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Wei Zhang, Nageswara Rao Kollu, Linjing Li, Manisha Anand, Hemant Khanna; RPGR, a retinal ciliopathy protein, localizes to cilia in a prenylation dependent manner. Invest. Ophthalmol. Vis. Sci. 2016;57(12):3193.
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© ARVO (1962-2015); The Authors (2016-present)
RPGR (retinitis pigmentosa GTPase regulator), a major cause of retinitis pigmentosa (RP) worldwide, is a ciliary protein involved in regulating protein trafficking and composition of cilia. We undertook this study to understand the mechanisms of localization of RPGR to the cilium.
N-terminal GFP or SBP-tagged full-length and mutant human RPGR constructs were transiently transfected into hTERT-RPE1 cells grown on glass cover slips. RPGR cellular localization was detected by anti-GFP antibody; cilia were stained with anti-ARL13B antibody. RPGR-interacting proteins were identified using Tandem Affinity Purification of SBP-RPGR complexes from HEK293 cells followed by mass spectrometry analysis. Co-immunoprecipitation was performed to ascertain the interaction of RPGR and identified proteins.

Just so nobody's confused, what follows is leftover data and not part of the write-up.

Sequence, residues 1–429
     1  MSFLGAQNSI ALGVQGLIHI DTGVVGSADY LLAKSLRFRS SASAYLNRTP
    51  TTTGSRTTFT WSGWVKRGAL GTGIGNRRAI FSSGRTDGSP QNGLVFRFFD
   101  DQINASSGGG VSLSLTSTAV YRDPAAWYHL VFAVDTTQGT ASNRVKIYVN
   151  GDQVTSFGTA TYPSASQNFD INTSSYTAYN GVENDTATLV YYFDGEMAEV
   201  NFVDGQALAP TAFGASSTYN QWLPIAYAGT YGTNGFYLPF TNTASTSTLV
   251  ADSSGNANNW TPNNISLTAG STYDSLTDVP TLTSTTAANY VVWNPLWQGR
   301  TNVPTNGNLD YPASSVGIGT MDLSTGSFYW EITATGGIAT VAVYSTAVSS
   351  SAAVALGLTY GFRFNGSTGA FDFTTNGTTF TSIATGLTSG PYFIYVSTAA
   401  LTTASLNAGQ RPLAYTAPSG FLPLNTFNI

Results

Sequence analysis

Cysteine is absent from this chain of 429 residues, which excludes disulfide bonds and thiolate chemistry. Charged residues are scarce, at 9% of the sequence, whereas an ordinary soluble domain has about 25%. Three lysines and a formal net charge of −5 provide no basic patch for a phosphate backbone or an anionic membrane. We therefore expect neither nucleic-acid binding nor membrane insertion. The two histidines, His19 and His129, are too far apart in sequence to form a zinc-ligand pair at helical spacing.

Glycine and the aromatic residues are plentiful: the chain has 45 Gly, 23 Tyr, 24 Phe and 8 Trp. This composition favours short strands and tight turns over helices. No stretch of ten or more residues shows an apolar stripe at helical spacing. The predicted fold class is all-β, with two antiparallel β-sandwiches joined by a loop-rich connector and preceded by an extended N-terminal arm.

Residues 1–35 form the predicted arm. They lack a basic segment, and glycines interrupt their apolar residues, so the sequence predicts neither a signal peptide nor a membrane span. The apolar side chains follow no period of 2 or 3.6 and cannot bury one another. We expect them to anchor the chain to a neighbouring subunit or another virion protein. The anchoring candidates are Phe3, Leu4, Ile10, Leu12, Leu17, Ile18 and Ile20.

The C-terminal isoprenylation motif (-812CTIL815) of RPGR is essential for its localization to cilia. We found that this motif interacts with PDE6D (delta subunit of Phosphodiesterase), a prenyl-binding protein. Disruption of the -CTIL motif abrogated RPGR’s interaction with PDE6D. Selected human disease-causing mutations in RPGR perturb its ciliary localization and interaction with PDE6D.
Our results suggest that prenylation modulates the trafficking of a regulator of ciliary composition and indicate the involvement of mistrafficking of RPGR as a potential mechanism of associated retinal ciliopathy.
This is an abstract that was submitted for the 2016 ARVO Annual Meeting, held in Seattle, Wash., May 1-5, 2016.
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